I spent part of sunny Saturday out in our garden, pulling weeds and planting seeds and seedlings in our large raised vegetable beds. The time I spend there, working the soil and bringing things to life will forever remind me of my mother’s illness and death last year. Because it was during that time that Butcher Son took over my vision for our backyard renovations and provided a bright spot in what was a very dark time.
During the months that I was mired in my mother’s medical crisis, my whole family showed great strength and support. They took my phone calls at all hours of the day and night, often patiently listening through my tears. They put up with my long absences, my vacant stares, and tried to follow along as I explained, in often confusing medical terms, everything that was going on.
Much like the household chores that went undone, my plans for the back garden got put on hold. Of course, they were grand plans that would take months to execute. I wanted to remove the entire lawn and make the backyard our own little suburban farm. The project, as I envisioned it, would require renovation of about 60 percent of the yard, leaving only the outer perimeter plants and trees.
To my amazement and surprise, just like Brilliant Daughter took over the kitchen and handled feeding the family, Butcher Son stepped in and made my vision a reality. He rallied the troops and rented a sod cutter and took out the whole back lawn. Then he rented a stump grinder and got rid of a huge unsightly tree stump and much of its oversized roots. He took out old bushes and shrubs, and made what seemed like a million dump runs. After rototilling and amending the soil, he provided me with a blank slate to work from.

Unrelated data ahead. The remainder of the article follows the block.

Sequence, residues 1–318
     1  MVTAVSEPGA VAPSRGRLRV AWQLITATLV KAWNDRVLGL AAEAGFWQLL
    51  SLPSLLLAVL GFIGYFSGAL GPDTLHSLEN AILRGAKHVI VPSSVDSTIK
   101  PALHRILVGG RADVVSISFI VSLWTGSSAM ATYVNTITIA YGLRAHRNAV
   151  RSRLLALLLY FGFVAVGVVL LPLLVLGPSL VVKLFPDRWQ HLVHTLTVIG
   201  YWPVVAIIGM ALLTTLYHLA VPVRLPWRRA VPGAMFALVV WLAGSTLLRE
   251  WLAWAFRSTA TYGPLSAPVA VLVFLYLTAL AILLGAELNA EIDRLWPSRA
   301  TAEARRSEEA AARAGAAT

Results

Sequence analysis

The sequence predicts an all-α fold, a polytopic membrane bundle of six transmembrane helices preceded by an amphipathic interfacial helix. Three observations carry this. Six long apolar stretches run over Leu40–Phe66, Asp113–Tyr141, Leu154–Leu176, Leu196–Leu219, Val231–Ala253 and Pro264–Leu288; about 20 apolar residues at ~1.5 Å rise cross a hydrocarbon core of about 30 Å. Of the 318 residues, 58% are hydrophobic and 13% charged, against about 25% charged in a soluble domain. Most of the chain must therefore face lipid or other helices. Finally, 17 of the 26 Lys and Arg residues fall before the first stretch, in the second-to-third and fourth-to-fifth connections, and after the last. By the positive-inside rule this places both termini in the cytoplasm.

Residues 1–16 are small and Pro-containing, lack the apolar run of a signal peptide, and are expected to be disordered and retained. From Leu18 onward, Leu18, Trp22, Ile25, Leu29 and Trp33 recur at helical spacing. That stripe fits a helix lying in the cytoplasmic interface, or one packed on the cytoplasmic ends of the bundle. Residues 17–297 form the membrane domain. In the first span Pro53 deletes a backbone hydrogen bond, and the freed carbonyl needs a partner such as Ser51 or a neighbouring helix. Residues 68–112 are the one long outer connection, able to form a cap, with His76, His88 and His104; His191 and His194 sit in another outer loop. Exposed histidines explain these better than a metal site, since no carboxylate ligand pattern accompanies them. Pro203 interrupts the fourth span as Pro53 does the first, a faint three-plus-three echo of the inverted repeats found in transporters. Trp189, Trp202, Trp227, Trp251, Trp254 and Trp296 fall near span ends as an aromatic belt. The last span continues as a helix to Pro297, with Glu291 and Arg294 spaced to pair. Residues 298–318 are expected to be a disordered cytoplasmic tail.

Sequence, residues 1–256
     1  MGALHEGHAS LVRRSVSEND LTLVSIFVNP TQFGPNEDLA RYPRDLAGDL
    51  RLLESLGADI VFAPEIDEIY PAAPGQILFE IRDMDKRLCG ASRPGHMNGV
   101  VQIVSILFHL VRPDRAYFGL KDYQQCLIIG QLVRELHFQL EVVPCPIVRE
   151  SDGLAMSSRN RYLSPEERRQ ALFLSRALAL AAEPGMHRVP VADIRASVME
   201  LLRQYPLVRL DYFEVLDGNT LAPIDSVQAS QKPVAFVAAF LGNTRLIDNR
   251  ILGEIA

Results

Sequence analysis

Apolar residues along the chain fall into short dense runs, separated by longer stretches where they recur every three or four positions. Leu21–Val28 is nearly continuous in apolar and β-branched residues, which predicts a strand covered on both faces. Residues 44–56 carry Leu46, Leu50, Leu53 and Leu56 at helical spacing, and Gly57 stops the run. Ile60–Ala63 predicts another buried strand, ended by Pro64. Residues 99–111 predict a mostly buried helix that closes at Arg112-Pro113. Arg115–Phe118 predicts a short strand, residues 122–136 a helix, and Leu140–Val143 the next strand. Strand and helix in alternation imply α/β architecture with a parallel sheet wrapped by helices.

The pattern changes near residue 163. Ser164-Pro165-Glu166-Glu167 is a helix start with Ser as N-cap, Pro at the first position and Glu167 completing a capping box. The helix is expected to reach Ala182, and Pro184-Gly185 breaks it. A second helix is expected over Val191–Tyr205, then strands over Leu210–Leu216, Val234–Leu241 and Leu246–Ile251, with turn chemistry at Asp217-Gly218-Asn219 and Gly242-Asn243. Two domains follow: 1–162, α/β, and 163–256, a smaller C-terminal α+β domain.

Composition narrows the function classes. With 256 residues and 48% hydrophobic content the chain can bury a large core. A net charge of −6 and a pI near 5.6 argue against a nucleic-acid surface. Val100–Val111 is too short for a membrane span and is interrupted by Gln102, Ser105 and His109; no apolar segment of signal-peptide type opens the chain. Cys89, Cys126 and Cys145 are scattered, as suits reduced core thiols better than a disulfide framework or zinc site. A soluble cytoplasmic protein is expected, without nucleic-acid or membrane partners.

I provided him with my design and he found the person to do it, securing prices, setting appointments and supervising the build. For two days, his friend Refugio came and measured, sawed, bolted and capped. He placed paper around the inner sides and stapled in chicken wire to keep the critters from burrowing up.
Once the gorgeous raised beds were built and I ordered the 12 yards of soil, he almost single-handedly (with a wee bit of help from Mr. B and I, and his trusty sidekick Lauren) trucked all that dirt into the back yard, one large garbage bin at a time. For hours he labored filling the cans, trucking them back, dumping them and then starting all over again.
Needless to say when all was said and I done I was in tears. It was such a labor of love, designed to provide me with a happy place. Our garden last year was a bit sparse and some things never really took off. Part of that was the lack of time we could devote to it, part of it was me learning what would grown in the more shaded beds.
This year I am trying to plant more carefully, more intensively. Although it won’t be a square-foot garden, and I am still a bit hesitant to cram too much in, I think we will have some good crops and be able to do some canning.
Tomorrow, Butcher Son will rent a rototiller and turn the soil in the part of the garden that is not raised, where we plant tomatillos, tomatoes and peppers. I’ll have four kinds of tomatoes going in this year: San Marzano, Roma, Tomande (an heirloom plant), and Big Mama, which is a variety of paste tomato, plus 3 tomatillo plants. And this year I am confining the peppers to jalapeno and poblano. Also planted this year are:
- Snap peas
- Jewel-toned beets
- Purple pole and rattlesnake beans
- Lemon cucumber
- Japanese eggplant
- Lettuce (Rouge and Farmer’s Market blend)
- Chives, rosemary and thyme planted last year
I’ve got a bit of room left, so I am hunting around for just the right thing. Any suggestions?
Last Year's Garden: